Friday, February 15, 2013

Resolving Conflict and Creating Positive Change

Guest Post by Greg Atchison of Aspyre Coaching
Visit Greg at: http://www.gregatchison.com

It’s interesting isn’t it? It seems that no matter where we go or what we are doing, there’s conflict around just about every corner. If we’re lucky, we can steer clear of it, but there are times that it seems to be waiting for us and is unavoidable. Have you ever stopped to really wonder why that is?


A Culture of Confrontation!
Conflict is a natural part of human interaction. If dealt with correctly, it can actually be a positive and highly beneficial “springboard” for change and growth. Businesses work hard to create cultures where “healthy confrontation” is the norm. In fact, David Whetten and Kim Cameron in their book Developing Management Skills, note that a leading cause of business failure among large institutions is too much agreement among key leaders.

Understanding the Essence of Conflict
Understanding the essence of conflict is helpful for learning how to deal with it in a healthy and productive way. Here are some fundamental principles to consider:
  • Conflict is a perfectly natural occurrence that can easily arise when one or more people come together in an environment.
  • Conflict can actually prove to be valuable and productive, if recognized in time and handled in a productive manner. Conflict situations can be great opportunities for personal growth, particularly by understanding and applying healthy ways of resolving the issue.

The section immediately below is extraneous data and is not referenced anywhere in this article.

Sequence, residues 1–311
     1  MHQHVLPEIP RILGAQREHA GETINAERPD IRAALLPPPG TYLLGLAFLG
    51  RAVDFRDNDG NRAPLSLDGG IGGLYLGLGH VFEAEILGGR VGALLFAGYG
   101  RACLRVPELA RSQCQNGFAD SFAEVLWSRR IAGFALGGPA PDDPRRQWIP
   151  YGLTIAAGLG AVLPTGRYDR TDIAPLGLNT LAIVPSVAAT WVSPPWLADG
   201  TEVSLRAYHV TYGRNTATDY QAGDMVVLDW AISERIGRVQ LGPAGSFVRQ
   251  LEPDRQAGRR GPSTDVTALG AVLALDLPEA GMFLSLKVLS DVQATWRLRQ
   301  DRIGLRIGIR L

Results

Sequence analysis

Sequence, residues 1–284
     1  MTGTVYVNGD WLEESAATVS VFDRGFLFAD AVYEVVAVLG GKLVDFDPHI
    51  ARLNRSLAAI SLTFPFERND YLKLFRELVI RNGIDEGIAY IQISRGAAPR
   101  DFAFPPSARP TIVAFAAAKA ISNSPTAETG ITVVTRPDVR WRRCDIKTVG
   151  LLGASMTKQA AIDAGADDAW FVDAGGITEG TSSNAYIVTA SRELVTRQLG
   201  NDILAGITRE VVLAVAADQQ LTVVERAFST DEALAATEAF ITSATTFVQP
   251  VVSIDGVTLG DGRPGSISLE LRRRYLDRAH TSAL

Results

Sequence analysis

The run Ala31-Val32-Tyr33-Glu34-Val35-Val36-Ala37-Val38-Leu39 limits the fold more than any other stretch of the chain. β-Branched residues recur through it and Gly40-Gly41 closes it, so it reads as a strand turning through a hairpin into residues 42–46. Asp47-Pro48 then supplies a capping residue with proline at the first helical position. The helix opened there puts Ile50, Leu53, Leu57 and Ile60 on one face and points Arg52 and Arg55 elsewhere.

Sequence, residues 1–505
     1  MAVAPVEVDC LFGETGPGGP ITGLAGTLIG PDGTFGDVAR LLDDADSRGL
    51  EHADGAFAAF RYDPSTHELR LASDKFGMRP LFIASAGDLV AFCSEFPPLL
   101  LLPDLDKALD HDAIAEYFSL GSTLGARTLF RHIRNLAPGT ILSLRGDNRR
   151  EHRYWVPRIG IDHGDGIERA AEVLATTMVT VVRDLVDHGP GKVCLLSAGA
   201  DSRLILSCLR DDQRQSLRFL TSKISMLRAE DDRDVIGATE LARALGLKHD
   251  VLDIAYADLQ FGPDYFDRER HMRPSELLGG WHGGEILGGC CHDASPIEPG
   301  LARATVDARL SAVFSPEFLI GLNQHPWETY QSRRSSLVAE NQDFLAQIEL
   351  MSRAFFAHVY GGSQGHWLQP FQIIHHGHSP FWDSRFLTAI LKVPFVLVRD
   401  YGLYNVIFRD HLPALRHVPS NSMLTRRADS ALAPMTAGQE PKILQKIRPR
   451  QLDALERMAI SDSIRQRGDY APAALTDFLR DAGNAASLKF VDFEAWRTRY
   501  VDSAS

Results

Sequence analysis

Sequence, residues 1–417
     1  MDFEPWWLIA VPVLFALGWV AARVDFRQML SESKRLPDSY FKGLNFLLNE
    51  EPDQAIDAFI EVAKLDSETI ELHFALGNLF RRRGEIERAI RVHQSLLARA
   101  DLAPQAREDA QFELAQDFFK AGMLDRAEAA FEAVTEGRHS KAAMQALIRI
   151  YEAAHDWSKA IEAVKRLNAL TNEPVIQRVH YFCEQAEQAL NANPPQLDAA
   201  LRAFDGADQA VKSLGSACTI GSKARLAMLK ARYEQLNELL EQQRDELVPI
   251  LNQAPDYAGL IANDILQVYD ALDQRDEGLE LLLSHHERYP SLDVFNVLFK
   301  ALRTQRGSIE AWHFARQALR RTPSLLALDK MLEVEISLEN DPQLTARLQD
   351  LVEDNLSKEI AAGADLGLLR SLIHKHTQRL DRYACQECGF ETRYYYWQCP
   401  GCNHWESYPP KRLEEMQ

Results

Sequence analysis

• Conflict usually arises when people begin to feel that they are not being respected or heard, or that their needs are not being met.
  • When confrontations arise, our emotions can prevent us from responding rationally to the circumstance.
  • Our past impacts our present experiences. Early experiences with conflict have a direct effect on our current responses to conflict as adults.
  • Conflict is often magnified in situations where limited space or resources create a perception of potential lack. “Survival instincts” kick into gear in an effort to ensure we are getting our fair share.
  • Due to the emotional nature of confrontation, even the nicest people in the world (even you and me), have the potential to escalate matters into an unhealthy and unproductive situation.
  • Unresolved conflict can create resentments, destroy relationships and lead to long-term, permanent damage to all parties concerned.

Visit www.silvercreekpress.ca for more human resource books and information on how to manage more effectively to prevent conflict and resolve it when it occurs.

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